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Green Horizons: Reflections on Working in the Environmental Field as a Youth

By Thibault Le pivain, Climate Action and Environmental Advocate

Raphstreng Glacial Lake in Bhutan with SDG 13. Credit: UNDP Bhutan/Dechen Wangmo.
Raphstreng Glacial Lake in Bhutan with SDG 13. Credit: UNDP Bhutan/Dechen Wangmo

Working in the environmental field evokes a complex mix of conviction and conflict, stirring feelings of both righteousness and unease. Climate change is arguably the most significant crisis of our time and engaging in projects that address it imbues a sense of pride and purpose. At the same time, being at the forefront of witnessing what the world might resemble by the turn of the century, coupled with lagging global efforts, elicits emotions of anxiety and powerlessness. The work we do often feels modestly positive.

Uncovering underreported wins amidst eco-anxiety

A growing number of young people are suffering from eco-anxiety as awareness and anxiety become intertwined. In fact, a global study published by The Lancet, which surveyed 10,000 youths across 10 countries, reported that 45% of respondents said their feelings about climate change negatively affected their daily life and functioning.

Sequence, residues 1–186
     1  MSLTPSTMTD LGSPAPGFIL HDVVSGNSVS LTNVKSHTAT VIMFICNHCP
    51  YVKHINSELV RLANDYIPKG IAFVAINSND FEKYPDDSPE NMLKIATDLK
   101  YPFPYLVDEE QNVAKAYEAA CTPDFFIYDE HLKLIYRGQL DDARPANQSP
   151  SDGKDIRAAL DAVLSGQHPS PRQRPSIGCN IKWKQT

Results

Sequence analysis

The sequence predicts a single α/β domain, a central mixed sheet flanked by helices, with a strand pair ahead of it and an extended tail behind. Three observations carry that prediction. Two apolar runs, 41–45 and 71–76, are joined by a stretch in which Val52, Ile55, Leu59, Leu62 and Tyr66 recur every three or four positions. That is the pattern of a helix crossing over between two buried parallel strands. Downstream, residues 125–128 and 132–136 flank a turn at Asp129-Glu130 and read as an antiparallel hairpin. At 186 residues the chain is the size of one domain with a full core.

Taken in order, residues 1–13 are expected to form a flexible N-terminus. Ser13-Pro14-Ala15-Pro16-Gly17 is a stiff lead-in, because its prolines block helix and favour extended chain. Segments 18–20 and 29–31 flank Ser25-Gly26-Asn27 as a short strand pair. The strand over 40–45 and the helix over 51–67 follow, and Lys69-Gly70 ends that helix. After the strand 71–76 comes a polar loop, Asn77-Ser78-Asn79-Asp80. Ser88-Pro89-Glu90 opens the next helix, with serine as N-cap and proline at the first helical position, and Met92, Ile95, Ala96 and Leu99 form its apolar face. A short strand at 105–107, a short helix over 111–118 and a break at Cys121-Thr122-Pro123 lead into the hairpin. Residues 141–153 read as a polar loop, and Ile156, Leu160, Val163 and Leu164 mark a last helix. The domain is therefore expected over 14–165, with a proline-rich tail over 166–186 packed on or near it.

Working in the environmental field can bring oxygen, in my experience, as it allows one to uncover positive environmental changes that are seldom featured in mainstream media. For instance, a climate action project I was involved in while living in Bangkok, Thailand has reduced emissions in Bhutan's transport sector. Through this endeavor, I have learned that Bhutan is one of the few countries in the world that absorbs more greenhouse gases (GHGs) than it produces. This is primarily attributed to extensive forests that are legally protected to cover a minimum of 60% of the country's territory under the constitution.

Bhutan has even committed to remain carbon neutral indefinitely in its second Nationally Determined Contributions (NDCs) with assistance from an initiative named Climate Promise, which is the world’s largest offer of support to developing countries on NDCs.

The dichotomy of climate action: local progress versus global disparities

Visual representation illustrating the projected rise of temperatures for different generations. Source: Synthesis Report of the IPCC Sixth Assessment Report (p7)
Visual representation illustrating the projected rise of temperatures for different generations. Source: Synthesis Report of the IPCC Sixth Assessment Report (p7)

However, the positive mindset fostered by environmental organizations to drive transformative changes inevitably faces the grim realities presented in the news. Recently, it was revealed that global warming has caused temperatures to exceed 1.5 degrees Celsius over a 12-month period. Sadly, we know that this record will be shattered in the future, again and again.